RBI effects interest rate cut for third time this year as it sees strong economy growing on policy push
GN Bureau | June 2, 2015
Showing confidence that the economy is in good shape to withstand any turbulence and sending out a strong signal to the banks to cut interest rates for consumers, the Reserve Bank of India (RBI) cut interest rates for a third time this year on Tuesday. The RBI brought down the Repo Rate by 25 basis points to 7.25% but did not touch the Cash Reserve Ratio.
With the repo rate reduced, EMIs are likely to come down much to the relief of consumers.
The reverse repo rate stands adjusted to 6.25 per cent, and the marginal standing facility (MSF) rate and the Bank Rate to 8.25 per cent.
Previous cuts, in January and March, had also been by 25 basis points.The reduction showed policymakers recognised the need to put the economy on a sounder footing, regardless of data released on Friday that showed India outpaced China by growing 7.5 percent in the March quarter.
"With low domestic capacity utilization, still mixed indicators of recovery, and subdued investment and credit growth, there is a case for a cut in the policy rate today," the RBI said in a statement.
Still, the RBI did not take any new steps to free up cash-strapped commercial banks' liquidity, which bankers had said were needed for them to lower lending rates further and pass on the benefits of monetary easing to the broader economy. Instead, the central bank urged lenders to lower their lending rates.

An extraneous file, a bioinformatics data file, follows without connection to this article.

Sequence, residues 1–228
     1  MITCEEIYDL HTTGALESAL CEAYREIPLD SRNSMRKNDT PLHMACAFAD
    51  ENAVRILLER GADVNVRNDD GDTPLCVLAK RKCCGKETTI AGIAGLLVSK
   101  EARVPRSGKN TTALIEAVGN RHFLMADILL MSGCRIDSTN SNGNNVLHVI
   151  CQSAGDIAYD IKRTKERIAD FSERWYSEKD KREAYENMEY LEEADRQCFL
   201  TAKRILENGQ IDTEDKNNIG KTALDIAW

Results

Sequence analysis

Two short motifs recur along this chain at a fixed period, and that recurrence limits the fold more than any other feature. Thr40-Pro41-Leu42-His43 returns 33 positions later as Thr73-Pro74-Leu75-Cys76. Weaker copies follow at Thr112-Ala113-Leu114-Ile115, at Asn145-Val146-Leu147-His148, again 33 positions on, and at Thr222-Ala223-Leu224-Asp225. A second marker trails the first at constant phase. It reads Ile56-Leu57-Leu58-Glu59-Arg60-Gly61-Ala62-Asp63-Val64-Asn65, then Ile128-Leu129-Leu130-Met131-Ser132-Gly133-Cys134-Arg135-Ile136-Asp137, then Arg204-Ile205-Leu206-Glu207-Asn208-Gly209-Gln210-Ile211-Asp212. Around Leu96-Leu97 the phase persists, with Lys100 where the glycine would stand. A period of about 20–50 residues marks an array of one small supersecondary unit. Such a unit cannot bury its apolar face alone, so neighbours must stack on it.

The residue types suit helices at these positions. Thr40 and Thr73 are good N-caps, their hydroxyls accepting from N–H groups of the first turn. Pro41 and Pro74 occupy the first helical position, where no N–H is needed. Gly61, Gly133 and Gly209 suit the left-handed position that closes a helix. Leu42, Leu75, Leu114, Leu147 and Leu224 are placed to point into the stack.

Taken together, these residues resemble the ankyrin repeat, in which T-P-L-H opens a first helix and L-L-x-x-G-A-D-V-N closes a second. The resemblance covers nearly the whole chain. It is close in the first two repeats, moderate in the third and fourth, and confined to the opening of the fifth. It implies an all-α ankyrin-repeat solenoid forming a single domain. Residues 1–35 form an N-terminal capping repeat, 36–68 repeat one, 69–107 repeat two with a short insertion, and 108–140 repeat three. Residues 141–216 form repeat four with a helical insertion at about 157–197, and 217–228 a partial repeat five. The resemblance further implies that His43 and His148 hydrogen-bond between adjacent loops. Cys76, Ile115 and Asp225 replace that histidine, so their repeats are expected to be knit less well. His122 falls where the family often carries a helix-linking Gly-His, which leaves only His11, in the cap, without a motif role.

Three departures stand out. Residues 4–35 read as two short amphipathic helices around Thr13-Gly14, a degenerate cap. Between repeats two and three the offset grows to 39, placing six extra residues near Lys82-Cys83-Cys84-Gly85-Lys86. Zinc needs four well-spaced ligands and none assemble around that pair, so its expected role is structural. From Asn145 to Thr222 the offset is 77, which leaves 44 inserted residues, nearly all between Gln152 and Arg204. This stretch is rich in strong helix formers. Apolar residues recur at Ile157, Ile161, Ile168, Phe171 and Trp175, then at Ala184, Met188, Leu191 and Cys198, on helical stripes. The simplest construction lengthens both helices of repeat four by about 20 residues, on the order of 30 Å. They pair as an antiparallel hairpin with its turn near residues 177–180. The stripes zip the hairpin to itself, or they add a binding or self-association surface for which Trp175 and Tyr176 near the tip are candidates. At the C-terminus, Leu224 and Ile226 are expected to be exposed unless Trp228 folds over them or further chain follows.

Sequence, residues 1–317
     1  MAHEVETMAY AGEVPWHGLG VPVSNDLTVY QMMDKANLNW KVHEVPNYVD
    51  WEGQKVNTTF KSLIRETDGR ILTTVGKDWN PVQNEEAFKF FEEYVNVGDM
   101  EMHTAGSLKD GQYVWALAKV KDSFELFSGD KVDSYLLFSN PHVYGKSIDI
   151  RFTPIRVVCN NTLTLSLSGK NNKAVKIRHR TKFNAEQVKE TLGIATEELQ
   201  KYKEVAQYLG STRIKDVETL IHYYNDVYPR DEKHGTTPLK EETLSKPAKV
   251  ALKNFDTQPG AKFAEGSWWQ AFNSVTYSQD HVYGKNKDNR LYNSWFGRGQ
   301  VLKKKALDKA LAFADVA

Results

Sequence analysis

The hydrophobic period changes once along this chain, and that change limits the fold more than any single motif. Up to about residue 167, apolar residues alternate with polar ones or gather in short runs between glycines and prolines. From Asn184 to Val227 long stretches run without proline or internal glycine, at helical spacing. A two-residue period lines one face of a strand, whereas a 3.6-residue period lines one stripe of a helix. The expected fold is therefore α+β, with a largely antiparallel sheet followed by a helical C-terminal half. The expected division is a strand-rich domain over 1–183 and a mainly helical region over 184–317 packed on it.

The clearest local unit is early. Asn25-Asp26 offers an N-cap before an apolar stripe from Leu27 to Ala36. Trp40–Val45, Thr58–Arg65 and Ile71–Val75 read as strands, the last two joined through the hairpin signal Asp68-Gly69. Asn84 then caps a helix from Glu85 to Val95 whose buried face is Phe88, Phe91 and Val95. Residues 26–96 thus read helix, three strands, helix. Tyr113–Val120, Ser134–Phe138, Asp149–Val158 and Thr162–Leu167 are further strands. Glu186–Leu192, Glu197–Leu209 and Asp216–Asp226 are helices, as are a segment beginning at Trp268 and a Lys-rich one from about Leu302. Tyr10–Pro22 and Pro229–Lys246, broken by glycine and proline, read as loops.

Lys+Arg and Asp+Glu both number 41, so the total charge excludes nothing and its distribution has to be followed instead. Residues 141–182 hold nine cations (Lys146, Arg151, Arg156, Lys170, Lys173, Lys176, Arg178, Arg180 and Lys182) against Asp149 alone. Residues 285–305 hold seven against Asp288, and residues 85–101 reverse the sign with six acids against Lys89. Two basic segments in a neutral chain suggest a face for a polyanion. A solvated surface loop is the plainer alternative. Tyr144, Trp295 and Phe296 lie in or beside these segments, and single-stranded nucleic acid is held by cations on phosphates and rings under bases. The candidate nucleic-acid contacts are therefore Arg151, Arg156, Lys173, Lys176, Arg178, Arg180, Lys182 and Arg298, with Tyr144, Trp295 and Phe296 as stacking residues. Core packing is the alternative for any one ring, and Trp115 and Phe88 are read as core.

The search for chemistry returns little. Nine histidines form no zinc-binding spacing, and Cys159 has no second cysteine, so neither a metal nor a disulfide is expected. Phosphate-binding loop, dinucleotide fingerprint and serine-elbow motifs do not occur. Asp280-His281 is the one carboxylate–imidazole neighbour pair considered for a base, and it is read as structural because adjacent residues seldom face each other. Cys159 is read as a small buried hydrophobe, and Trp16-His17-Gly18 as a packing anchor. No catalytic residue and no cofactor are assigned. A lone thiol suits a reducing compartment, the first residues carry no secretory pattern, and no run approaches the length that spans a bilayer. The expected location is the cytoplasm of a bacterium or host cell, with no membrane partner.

The RBI also warned it would closely track inflationary trends, citing risks posed to food prices if monsoon rains are weaker than expected, or global crude prices recover, or the rupee weakens due to volatility in global markets.
"A more appropriate stance is to front-load a rate cut today and then wait for data that clarify uncertainty. Meanwhile banks should pass through the sequence of rate cuts into lending rates," the central bank said.
The rate reduction answered calls from both the government and businesses for the RBI to do more to shore up the economy.
While announcing the Second Bi-monthly Policy Statement for the year 2015-16, RBI Governor Raghuram Rajan said, "The rate cut is an attempt to boost investment. We have done what we think is 'appropriate' in view of current data."
In its credit policy review, the RBI expects Current Account Deficit (CAD) at 1.5% of Gross Domestic Product (GDP) in the financial year 2015-16. The RBI also expects inflation to start rising to 6% by January 2016.
There are considerable hopes that Prime Minister Narendra Modi's economic reforms and aggressive spending on infrastructure will solidify the gains in economic growth.
Policy Statement: Click here